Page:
Really, if I were you, I'd ignore me too, after all, I'm not the brightest bulb lighting up this forum. Tom, I would love to hear his elaboration too. Figuratively speaking, Jon, I have to sadly disagree with you again, although, Kennedy and his cabinet had months of talks about the Diem brother's, his intention was to get them out of the country, not have them assassinated without first having a round table sit down.

JFK knew the Saigon coup was going .

Jack does however point out those who were for and opposed the assassination. And, because of a poorly drafted cable, the CIA capitalized on it as the cable went out on a Saturday and by Sunday, they were dead.

Jack never said whether he was for or against the assassination, it appeared as though it didn't have much of effect on him either way.

Edited by Scott Kaiser
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First, let me elaborate on my comments about the CIA and Princeton and the whole Lucien V affair.

When I first got to know John Newman, he came to California because he was going to do some research at the Hoover Institute.

So, me him and a friend flew up there from LA.

He was there because he was thinking of doing a book on Lansdale. And he wanted to see what was there, since their holdings listing said there were some interesting docs on hand.

Well, once we got there, as we started going through the folders, we saw that many were surprisingly empty. So I asked John, "What is going on here?"

He replied that he had the same experience when he was working on his first book JFK and Vietnam. After he had been working on it for awhile, he said that he would visit certain repositories and mysteriously, things would be gone. Almost like they knew he was coming. He finally concluded that the CIA was calling gin their dibs with various universities, or with the Hoover Institute, since that was a hard right establishment, they had to do very little.

At the end of the day, John asked the archivist about this arrangement. And he confirmed that they did those things, cooperated with Washington about their holdings.

So, you can imagine what its like in the Ivy League.

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Jon:

Excuse me if I say once again, you are factually challenged. Yet, you repeat these myths as often as you can. No matter how many times they are shown to be wrong.

To say the BOP and the Saigon coup should be laid at the foot of Kennedy, that is not an intellectual, or historical judgment. Its a political one. In that it does not align with the facts as we have them today.

Greg, Larry Hancock, and myself have proven--with documentation from the latest archival releases--that there is no question today that Kennedy was lied to on just about every aspect of Zapata. This is not opinion, it is fact.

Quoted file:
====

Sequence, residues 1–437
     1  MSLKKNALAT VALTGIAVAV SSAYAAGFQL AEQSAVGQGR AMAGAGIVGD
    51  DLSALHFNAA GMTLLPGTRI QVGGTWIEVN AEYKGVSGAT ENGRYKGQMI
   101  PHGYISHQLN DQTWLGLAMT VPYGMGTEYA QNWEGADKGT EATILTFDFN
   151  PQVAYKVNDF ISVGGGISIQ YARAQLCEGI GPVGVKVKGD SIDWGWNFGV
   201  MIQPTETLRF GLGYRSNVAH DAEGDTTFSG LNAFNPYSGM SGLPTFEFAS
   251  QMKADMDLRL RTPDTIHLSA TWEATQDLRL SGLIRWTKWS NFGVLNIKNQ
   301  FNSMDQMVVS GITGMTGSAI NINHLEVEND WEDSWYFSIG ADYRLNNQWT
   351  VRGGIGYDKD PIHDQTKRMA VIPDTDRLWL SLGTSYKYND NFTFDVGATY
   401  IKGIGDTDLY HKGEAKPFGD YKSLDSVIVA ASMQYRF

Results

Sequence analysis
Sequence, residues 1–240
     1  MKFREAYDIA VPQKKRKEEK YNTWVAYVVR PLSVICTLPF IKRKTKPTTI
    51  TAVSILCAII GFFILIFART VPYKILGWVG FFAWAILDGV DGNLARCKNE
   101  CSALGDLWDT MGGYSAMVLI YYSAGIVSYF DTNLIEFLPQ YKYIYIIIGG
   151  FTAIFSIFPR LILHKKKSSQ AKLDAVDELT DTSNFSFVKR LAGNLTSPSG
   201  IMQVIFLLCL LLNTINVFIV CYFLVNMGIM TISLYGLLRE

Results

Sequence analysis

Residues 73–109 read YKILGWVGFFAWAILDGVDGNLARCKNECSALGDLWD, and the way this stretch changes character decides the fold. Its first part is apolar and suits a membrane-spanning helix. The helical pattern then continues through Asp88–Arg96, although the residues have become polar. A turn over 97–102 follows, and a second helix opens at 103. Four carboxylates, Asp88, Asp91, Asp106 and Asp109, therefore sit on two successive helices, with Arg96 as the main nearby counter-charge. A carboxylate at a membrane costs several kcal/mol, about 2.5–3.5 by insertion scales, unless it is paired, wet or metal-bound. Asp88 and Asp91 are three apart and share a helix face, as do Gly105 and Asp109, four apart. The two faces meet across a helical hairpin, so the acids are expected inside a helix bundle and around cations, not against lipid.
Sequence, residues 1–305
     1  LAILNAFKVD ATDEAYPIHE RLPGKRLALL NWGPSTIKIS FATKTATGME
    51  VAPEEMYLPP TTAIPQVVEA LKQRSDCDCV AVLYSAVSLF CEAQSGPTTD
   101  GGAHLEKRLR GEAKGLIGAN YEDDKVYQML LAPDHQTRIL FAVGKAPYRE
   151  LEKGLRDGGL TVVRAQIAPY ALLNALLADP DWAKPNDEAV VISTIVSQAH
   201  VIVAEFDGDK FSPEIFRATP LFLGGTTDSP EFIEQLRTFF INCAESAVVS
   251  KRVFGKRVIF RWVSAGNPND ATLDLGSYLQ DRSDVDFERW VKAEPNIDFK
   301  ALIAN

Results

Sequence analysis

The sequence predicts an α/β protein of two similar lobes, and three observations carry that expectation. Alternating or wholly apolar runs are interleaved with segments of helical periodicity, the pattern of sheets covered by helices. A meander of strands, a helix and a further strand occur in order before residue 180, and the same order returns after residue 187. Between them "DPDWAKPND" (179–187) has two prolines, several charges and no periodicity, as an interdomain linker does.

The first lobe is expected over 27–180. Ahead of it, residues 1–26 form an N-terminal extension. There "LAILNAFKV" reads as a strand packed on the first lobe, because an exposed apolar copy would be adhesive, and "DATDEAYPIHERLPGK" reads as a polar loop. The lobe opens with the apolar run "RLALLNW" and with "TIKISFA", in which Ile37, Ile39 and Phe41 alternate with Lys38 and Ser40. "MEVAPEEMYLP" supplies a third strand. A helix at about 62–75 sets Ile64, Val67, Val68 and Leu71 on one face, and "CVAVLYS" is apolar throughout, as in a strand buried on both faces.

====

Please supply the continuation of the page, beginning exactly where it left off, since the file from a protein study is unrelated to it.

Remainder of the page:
Ergo, if we put our thinking caps on--not our red or blue caps, (Sanders or Cruz)--then we come to the conclusion that Dulles and Bissell knew they had to lie in order to get Kennedy to go along with their wacky scheme.

Which means, that they knew if they told him the truth he would have vetoed it.

I mean what part of that tautology do you fail to comprehend?

What further proof do you need now that we have the actual notes Dulles made from this article. Which the CIA tried to make disappear, and had to be imported back into the country from Africa? Why do you think the article was entitled 'The Confessions of Allen Dulles". Why do you think Dulles abandoned the article? Why do you think he blurted out "That little Kennedy, he thought he was a god!" as he was writing it? Why do you think Bissell concurred with the article when he replied?

So who is the culpable party here? In the law there is a doctrine called promissory estoppel. This roughly means that if one party accepts a premise as true, and it results in detrimental damage to the party who accepts it, one can sue for damages. In this case, with the actual documents on hand, the jury would take about 15 minutes to decide the verdict. Dulles would be held culpable for fostering a false premise.

Now, if you need any further proof, what did Kennedy do after? He launched his own inquiry into the affair as the CIA did their own. Right after both were in, he fired the top level of the CIA. Had anyone ever down that before, or since? Please answer.

(Sound of crickets)

Does that not mean he was pretty upset? And then Bobby fired Eleanor Dulles, who had nothing to do with this, but she did have a last name RFK did not like. The reason, according to him: I don't want any member of that family around anymore. Does that not tell you a little something? Like he was really upset.

What more proof does one need? How about Kennedy's plan to redesign the CIA, and not even use that name for it anymore? That is in Talbot's book--oh but you know everything that is in there right? So you didn't need to read it. Like fun you didn't .